When Howard Dean was a Democratic candidate for president, he did something no other national candidate had ever done -- no, not the scream in Iowa -- he raised a significant portion of his campaign funds using the Internet. That might not sound like a big deal today, but at the time it was revolutionary, and it substantively changed how candidates, big and small, raise money for campaigns and causes.

Now anyone with a cause or a business offer can raise money online. And if you are able to tap into a small niche group and its desires, you can likely bring in quite a bit of cash. Social media, in particular, has become a rallying point for problems most of us didn't even know existed...and often didn't care about.

Last year, Houston city council chambers were packed with young mostly urban dwellers. Having raised awareness for their cause using social media, they rounded up followers on a Tuesday morning and, one after another, strode to the podium and passionately made their case. You might think the cause was violent crime plaguing neighborhoods or broken streets badly in need of repair, but you'd be wrong. In this case, it was food trucks, and not complaints over their health and safety, but rather the demand they be allowed to operate downtown -- an ordinance had long prevented it.

Before this "problem" was publicized through social media, very few people even realized it was an issue. In fact, despite the extreme rise in popularity of food trucks over the past few years for those who live in or near the city, it is barely a blip on the radar for the vast majority of Houstonians.

Yet food trucks are another example of a niche cause turning into a political debate thanks to the web.

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Pop Rocks: 1995 Newsweek "Why the Internet Will Fail" Essay Actually Predicts Its Successes

Categories: The Web

Imagine how THIS would have freaked people out in 1995.
In 1995, Newsweek writer Clifford Stoll decided the Internet was nothing more than a passing fancy. He was so convinced, he penned a hearty screed decrying prognosticators who suggested the Internet would amount to anything more than a noisy, cluttered nuisance of random data. Stoll was, obviously, quite wrong. He even admitted as much in a comment response to Boing Boing's story about the recent resurrection of his piece on a blog, saying "Of my many mistakes, flubs, and howlers, few have been as public as my 1995 howler."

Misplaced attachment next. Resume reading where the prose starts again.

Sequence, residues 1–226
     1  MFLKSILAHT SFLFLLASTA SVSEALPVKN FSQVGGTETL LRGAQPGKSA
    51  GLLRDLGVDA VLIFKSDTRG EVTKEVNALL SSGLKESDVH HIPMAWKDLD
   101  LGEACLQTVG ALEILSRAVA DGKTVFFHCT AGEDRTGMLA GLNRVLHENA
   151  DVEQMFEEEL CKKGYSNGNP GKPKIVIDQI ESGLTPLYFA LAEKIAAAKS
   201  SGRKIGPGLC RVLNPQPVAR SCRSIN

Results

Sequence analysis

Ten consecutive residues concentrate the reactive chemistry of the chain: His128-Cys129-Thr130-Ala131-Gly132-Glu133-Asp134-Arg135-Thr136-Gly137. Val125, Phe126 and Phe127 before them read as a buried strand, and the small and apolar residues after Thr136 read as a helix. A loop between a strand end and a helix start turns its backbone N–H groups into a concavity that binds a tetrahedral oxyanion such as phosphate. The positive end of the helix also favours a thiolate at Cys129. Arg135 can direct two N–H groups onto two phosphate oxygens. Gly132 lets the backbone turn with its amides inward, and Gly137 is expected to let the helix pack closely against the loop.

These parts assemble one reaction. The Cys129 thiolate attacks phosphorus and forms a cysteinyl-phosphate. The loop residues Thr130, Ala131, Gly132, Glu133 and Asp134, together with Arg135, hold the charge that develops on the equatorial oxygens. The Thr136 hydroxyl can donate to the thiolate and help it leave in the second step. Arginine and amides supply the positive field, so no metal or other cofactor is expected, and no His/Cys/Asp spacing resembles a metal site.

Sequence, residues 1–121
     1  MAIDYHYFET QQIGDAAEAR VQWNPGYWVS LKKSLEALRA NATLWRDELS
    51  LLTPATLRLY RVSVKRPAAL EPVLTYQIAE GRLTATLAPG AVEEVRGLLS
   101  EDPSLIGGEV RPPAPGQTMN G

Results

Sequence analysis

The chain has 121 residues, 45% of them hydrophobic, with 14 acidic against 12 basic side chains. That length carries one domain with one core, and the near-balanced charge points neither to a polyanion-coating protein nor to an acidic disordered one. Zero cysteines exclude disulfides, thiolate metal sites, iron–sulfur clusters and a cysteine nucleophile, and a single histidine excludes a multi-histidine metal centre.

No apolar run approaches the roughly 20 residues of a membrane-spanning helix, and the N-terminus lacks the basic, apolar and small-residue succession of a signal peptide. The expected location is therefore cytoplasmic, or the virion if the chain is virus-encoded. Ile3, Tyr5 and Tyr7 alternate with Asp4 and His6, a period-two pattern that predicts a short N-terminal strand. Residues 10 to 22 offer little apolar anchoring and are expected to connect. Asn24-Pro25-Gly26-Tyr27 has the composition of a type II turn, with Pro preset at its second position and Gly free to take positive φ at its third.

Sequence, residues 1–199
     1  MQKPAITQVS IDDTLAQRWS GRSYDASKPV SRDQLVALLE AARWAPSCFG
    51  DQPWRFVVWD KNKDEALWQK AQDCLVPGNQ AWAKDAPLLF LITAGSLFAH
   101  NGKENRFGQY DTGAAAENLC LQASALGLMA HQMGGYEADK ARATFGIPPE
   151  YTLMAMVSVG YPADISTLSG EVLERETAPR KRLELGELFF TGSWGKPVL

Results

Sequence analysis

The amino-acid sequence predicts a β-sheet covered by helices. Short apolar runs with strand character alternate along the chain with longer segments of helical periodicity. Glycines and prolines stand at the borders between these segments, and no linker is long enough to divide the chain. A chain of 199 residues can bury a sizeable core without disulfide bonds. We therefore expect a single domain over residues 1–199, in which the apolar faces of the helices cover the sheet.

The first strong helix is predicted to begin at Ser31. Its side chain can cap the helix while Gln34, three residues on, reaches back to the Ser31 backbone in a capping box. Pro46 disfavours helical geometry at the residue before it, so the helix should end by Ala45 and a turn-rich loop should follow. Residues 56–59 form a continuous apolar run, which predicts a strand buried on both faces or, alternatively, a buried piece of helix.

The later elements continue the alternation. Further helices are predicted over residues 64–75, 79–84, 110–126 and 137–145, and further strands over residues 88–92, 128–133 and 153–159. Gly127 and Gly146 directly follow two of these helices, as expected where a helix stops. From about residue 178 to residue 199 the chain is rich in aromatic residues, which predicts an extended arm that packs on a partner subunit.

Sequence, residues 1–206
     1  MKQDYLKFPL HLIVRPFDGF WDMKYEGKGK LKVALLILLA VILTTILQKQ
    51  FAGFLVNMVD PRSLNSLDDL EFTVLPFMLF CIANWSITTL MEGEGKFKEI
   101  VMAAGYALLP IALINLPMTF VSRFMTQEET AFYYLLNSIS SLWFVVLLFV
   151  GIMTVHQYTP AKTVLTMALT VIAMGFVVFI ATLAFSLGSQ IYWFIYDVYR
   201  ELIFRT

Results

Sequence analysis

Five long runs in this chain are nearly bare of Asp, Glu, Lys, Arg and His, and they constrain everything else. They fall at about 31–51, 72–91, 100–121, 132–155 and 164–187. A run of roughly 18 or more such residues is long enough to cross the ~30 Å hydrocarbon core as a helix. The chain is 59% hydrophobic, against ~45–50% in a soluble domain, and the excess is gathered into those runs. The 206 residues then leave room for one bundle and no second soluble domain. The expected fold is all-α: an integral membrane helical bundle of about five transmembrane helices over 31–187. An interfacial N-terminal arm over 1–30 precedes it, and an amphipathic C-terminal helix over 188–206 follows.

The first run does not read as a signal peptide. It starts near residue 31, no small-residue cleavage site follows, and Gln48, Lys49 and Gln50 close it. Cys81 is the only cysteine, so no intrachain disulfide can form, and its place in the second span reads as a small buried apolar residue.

But what is fascinating about the story "The Internet? Bah!" is how eerily accurate much of it is, just in the opposite direction. Many of the things Stoll believed would never happen actually happened and in remarkable fashion. But, digging deeper, Stoll wasn't wrong about everything and he did hit upon a significant problem plaguing the web today without being close to understanding its magnitude.

First, let's address what he got wrong.

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Beauty 2.0, Makeup in Your Pocket but Less Messy

Photo by Cherise Luter
Beautylish brings me inspiration even in the line at the post office.
It should come as no surprise that fashion brands have adopted the mobile format en masse. An industry built on aspiration and impulse buys wants nothing more than to dwell in your pocket so the "buy me" message never goes interrupted.

Not only has the fashion industry jumped on the mobile bandwagon, but so has the beauty world. BeautyNow, a soon to be launched mobile optimized website for last minute beauty appointments, is attempting to bridge the gap between the customer and the salon. Think Blink by Groupon or, as founder Kathleen Jennings calls it, OpenTable for beauty appointments. The Houston based company is set to launch in the Houston and Dallas markets in Spring 2014, but hopes to help maintain the beauty regimens of busy woman everywhere.